Technological advancements paving the way for geothermal growth


Technological advancements paving the way for geothermal growth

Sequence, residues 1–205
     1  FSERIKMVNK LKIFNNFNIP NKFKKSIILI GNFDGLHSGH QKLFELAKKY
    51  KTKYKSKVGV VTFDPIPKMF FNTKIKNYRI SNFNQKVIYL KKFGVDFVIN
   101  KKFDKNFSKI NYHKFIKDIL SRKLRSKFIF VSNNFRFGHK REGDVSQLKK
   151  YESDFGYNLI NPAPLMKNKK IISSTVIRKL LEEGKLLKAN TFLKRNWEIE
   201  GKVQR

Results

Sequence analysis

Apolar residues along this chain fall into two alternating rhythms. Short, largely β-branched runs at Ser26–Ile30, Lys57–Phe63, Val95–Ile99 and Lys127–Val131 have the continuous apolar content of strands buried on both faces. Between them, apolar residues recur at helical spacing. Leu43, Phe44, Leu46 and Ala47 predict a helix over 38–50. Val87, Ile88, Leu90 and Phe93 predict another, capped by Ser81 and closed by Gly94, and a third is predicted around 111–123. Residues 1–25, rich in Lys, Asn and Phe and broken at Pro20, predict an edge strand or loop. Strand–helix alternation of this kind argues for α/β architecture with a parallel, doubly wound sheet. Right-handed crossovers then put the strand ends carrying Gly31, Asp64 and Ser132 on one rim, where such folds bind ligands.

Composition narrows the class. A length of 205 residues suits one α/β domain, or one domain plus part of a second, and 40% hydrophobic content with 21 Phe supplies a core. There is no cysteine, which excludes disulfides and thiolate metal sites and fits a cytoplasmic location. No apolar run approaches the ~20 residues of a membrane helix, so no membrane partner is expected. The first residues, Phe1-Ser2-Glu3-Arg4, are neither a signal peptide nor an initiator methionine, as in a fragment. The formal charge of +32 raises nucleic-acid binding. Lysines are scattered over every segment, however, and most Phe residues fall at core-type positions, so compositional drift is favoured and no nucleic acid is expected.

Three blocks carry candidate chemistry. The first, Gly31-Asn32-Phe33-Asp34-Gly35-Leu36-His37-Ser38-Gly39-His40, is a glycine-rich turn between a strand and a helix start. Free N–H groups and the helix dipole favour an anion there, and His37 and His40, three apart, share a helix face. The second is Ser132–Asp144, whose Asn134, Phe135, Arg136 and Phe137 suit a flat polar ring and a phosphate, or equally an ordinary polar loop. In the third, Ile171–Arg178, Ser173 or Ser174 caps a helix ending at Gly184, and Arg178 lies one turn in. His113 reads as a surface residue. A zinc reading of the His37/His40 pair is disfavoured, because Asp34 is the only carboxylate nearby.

Preliminary industry data from the Geothermal Energy Association (GEA) annual development report reveals that year-end geothermal growth in 2012 was up 5% from the previous year. This uptick in development, which produced 147.05 MW of gross online geothermal capacity in 2012, is due in part to pioneering developments in geothermal technology. "Outside of a few Western States, utility-scale geothermal may be considered a more limited energy source than some other renewable technologies, but that is changing. Geothermal power is expanding across the Western half of the country, and new scientific and technological advancements offering the opportunity to produce geothermal power from Hawaii and Alaska to Texas and the Gulf States, with the ultimate potential being generating electrical power in nearly every state," said GEA Executive Director Karl Gawell. According to the EIA, geothermal energy accounts for about 3.5% of renewable energy generation in the United States, with geothermal plants and small power units online in nine states including California, Nevada, Alaska, Hawaii, Idaho, New Mexico, Oregon, Utah and Wyoming. Preliminary results show that California now has over 2,700 MW of installed geothermal capacity, more than any other U.S. state or world country. One of the newest geothermal technologies taking hold in California, and around the nation, is enhanced geothermal systems (EGS) technology. EGS involves extracting heat from engineered reservoirs through fluid injection into deeper hotter rock, and represents the opportunity to tap into staggering geothermal potential worldwide. The U.S. Department of Energy has invested roughly $37.5 million into EGS projects in California since the American Recovery and Investment Act of 2009. A 2010 Southern Methodist University study showed EGS technology broadens geothermal potential across the U.S. to nearly 3 million MW -- a near 40-fold increase compared to traditional geothermal technology potential. David Blackwell, Hamilton Professor of Physics, Southern Methodist University said: "Collaborative research between UT Austin Bureau of Economic Geology and SMU Geothermal Laboratory has advanced the understanding of in-situ unconventional reservoir thermal capacity and longevity within the Texas oil and gas fields. The extraction quantities are greater than previously stated and the estimated economics reduce the pricing to below 10 cents/kw-hr with use of existing well sites. Next steps are to prove the reservoir flow rates and longevity. The current Texas legislature session includes geothermal energy related bills, as the legislators understand that geothermal energy development will be realized in the state." Year-end data also shows that Nevada, the nation's second leading geothermal capacity state behind California, now has over 500 MW of installed capacity. In 2012, Enel Green Power's Stillwater Geothermal Power Plant was commissioned in the Silver State, becoming the country's first ever hybrid solar-geothermal project. This project along with others, such as the first co-production of geothermal power at Nevada's Florida Canyon gold mine, exemplify the many ways that innovative new technologies are thrusting the geothermal industry forward in key U.S. markets. GEA will release its full annual update on February 26 at the Geothermal Energy Industry Briefing in Washington, D.C. The half-day event will feature a panel exploring new technologies that can address geothermal risk and expand potential production, moderated by Gawell, with panelists Boyd, Blackwell and Robertson-Tait. The Geothermal Energy Association